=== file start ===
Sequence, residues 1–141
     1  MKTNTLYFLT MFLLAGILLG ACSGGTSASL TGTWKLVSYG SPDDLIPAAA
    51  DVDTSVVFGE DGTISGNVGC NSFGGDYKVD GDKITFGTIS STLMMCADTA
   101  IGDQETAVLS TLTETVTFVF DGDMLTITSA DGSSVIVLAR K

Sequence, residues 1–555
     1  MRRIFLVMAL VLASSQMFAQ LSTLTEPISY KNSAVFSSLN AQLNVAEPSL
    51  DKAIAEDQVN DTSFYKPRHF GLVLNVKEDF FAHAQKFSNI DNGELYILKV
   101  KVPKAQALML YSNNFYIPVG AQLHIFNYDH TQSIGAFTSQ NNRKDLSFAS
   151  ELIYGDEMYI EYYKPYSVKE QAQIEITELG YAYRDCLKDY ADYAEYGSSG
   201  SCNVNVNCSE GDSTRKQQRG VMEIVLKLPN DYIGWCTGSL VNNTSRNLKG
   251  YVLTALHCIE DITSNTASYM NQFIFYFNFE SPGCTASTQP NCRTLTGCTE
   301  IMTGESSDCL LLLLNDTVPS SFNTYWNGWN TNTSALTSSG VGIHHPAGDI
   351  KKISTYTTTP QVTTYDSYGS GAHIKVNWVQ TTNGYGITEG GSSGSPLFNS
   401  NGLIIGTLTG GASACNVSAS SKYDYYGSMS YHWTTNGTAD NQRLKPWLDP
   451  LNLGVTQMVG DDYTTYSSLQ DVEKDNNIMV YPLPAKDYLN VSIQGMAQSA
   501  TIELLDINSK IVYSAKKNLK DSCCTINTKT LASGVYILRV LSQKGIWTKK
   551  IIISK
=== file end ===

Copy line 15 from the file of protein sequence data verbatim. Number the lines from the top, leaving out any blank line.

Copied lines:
   451  LNLGVTQMVG DDYTTYSSLQ DVEKDNNIMV YPLPAKDYLN VSIQGMAQSA